|Organization:||Massachusetts Department of Revenue|
|Referenced Sources:||Massachusetts General Laws|
Sales and Use Tax
ISSUE 1: Is the sale of propane gas, charcoal, lighting fluid or similar fuels used to operate a backyard barbecue grill taxable?
DIRECTIVE 1: The sale of propane gas, charcoal, lighting fluid or similar fuels used to operate a backyard barbecue grill is exempt from sales tax.
ISSUE 2: Is the sale of firewood, kindling, combustible fireplace logs or similar items used to operate a home fireplace or home wood stove taxable?
DIRECTIVE 2: The sale of firewood, kindling, combustible fireplace logs, or similar items used to operate a home fireplace or home wood stove is exempt from sales tax.
ISSUE 3: What are a vendor's responsibilities concerning sales of fuels used to operate a backyard grill, home fireplace or home woodstove?
DIRECTIVE 3: A vendor may presume that sales of fuel of a type and in a quantity appropriate for personal/family, noncommercial use to nonbusiness customers is exempt. A vendor is not required to obtain an exemption certificate from a purchaser in order to make such sales tax free. To sell tax free to a business or to sell tax free a type or quantity of fuel generally not appropriate for personal/family, noncommercial use when such fuel nonetheless is purchased for personal/family, noncommercial use, the vendor must obtain certain documentation from the purchaser as discussed below.
The purpose of this DOR Directive is to explain the exemption from sales tax for sales of propane gas and other types of fuels consumers generally buy at a retail store in carry home quantities for personal/family, household uses. The exemption for sales of utilities and fuels that are more commonly on metered delivery systems is discussed in Technical Information Release 90-7 and DOR Directive 92-3.
DISCUSSION OF LAW:
Massachusetts law imposes a five percent sales tax on all sales at retail of tangible personal property in Massachusetts by any vendor, unless an exemption applies. G.L. c. 64H, §§ 2, 6. Tangible personal property includes gas (G.L. c. 64H, § 1) and other heating fuel. Sales of fuel used for residential heating purposes are exempt under G.L. c. 64H, § 6(j). Legislation enacted by St. l990, c. 150 added the residential limitation for heating fuel exempt under this section.
1. Residential exemption
The term residential heating includes the heating of space, water or food for personal/family, noncommercial use. The sale of fuel of a type and in a quantity appropriate for heating space, water or food for personal/family, noncommercial use is presumed exempt when made to nonbusiness customers. Such fuel sold in a quantity generally not associated with personal/family, noncommercial use or to a business customer may be sold tax free only if the purchaser signs a statement that such fuel is purchased for personal/family, noncommercial use. Therefore, in general the sale to a nonbusiness customer of propane gas, charcoal or lighting fluid for backyard grills, firewood, kindling or combustible fireplace logs for home fireplaces or home wood stoves is presumed exempt.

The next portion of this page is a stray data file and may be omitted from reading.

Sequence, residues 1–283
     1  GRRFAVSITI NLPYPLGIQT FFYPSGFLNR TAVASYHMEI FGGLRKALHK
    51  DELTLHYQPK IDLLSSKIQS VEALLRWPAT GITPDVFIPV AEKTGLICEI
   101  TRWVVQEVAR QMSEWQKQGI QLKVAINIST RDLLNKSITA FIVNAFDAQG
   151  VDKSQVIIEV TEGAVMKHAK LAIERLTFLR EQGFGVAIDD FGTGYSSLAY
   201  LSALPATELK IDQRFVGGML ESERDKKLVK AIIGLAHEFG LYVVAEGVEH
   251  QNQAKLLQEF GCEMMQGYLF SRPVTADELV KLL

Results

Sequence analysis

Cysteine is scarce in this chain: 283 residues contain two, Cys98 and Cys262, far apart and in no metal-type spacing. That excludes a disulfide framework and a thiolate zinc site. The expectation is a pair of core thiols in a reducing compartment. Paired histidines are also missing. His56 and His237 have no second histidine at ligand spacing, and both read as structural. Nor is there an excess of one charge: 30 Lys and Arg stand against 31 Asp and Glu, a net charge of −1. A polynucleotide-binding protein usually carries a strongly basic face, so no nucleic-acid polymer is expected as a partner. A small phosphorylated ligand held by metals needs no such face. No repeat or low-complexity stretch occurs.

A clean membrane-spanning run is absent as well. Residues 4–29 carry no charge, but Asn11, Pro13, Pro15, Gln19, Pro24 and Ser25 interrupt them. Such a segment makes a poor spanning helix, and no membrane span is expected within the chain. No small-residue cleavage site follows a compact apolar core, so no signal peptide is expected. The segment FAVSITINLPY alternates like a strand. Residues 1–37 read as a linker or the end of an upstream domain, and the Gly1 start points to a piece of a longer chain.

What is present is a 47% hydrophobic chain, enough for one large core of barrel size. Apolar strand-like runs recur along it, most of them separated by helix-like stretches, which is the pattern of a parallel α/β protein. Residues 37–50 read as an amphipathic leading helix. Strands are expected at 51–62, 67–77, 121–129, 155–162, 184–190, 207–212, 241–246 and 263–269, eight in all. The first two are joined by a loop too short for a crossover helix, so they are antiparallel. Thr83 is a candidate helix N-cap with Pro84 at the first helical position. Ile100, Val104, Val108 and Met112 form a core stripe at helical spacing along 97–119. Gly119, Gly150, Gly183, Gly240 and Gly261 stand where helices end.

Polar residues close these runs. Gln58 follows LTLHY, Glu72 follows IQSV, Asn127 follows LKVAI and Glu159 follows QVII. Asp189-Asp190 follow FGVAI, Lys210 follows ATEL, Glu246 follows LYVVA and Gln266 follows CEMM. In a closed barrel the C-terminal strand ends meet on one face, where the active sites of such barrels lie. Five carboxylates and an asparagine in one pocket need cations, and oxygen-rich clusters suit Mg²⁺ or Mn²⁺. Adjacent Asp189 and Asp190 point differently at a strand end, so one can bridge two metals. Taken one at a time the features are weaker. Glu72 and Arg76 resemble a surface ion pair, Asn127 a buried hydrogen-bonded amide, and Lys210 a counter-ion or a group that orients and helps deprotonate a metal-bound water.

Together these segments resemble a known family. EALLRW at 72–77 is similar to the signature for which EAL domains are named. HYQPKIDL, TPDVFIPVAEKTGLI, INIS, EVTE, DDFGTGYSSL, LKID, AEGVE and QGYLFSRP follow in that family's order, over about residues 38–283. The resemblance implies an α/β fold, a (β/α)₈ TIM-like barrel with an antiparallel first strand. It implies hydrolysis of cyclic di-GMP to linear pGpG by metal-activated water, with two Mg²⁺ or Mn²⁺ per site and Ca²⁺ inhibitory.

2. Fuel for commercial use
The sale of fuel for commercial use is subject to sales tax, unless a specific exemption applies. See G.L. c. 64H, § 2. For example, an exemption from sales tax may apply to sales to a business with five or fewer employees under G.L. c. 64H, § 6(qq), to certain sales to governmental entities and charitable organizations under G.L. c. 64H, §§ 6(d), (e), and to the sale of fuel used in manufacturing and for various other purposes under G.L. c. 64H, §§ 6(i), (j), or (r). Technical Information Release 90-7 discusses these exemptions in detail and DOR Directive 92-3 explains the different forms and procedures required for various energy exemptions. See also the Qualifying Small Business Exemption regulation, 830 CMR 64H.6.11.
3. Vendor's responsibilities
A vendor generally must collect tax on sales of tangible personal property and pay that tax to the Commissioner, unless an exemption applies and an exemption certificate is presented by the purchaser. G.L. c. 64H, § 2. However, a vendor may presume that a sale to a nonbusiness customer of fuel of a type and in a quantity appropriate for personal/family, noncommercial use is exempt and no certificate is necessary to make such a sale tax free.
A vendor selling to a business or selling a type, or in a quantity generally not appropriate for personal/family, noncommercial use must, to sell tax free, obtain from the purchaser a written statement that the purchase is for personal/family, noncommercial use. The statement must be signed by the purchaser, identify the purchaser by name, address and telephone number, and set out the date, nature and sales price of the fuel. The vendor must retain a copy of the statement together with the invoice or purchase order as part of the vendor's sales tax records. See the Massachusetts Record Retention regulation, 830 CMR 62C.25.1.
Also, to substantiate fuels sold tax free based on the presumption discussed in this Directive, the vendor should keep records detailing the type of fuel sold including the container sizes or amounts sold. This information should be kept as part of the vendor's sales tax records. See 830 CMR 62C.25.1.
4. Abatement procedure
If a vendor has collected tax on a sale of fuel and believes the tax was not due, the vendor may apply to the Commissioner for an abatement, using Form CA-6 within the time designated by G.L. c. 62C, § 37. The vendor must establish that the tax has been refunded to the purchaser. In the alternative, a taxpayer may apply for an abatement directly to the Commissioner by acting under a power of attorney for that purpose from the vendor. See the Abatement regulation, 830 CMR 62C.37.1, and Power of Attorney Form M-2848.
Commissioner of Revenue
December 23, 1992